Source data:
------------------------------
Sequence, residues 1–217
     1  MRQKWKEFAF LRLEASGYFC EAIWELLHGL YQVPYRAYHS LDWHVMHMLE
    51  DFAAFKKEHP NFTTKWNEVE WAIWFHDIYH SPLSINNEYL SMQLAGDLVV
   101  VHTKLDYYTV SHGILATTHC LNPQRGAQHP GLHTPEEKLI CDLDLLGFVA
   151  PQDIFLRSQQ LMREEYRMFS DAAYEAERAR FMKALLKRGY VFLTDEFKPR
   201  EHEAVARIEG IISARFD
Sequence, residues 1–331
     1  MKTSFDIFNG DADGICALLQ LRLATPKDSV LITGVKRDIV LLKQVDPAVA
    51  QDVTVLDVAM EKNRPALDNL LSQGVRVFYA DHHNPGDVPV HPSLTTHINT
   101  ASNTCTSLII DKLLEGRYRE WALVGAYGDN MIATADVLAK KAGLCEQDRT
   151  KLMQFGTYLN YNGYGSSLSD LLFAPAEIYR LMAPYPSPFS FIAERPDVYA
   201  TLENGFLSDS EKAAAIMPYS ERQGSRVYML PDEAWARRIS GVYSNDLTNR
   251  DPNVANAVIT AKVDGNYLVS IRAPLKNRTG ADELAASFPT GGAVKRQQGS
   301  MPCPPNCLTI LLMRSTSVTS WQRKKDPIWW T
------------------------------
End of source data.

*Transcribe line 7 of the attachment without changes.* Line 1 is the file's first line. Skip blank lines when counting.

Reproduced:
Sequence, residues 1–331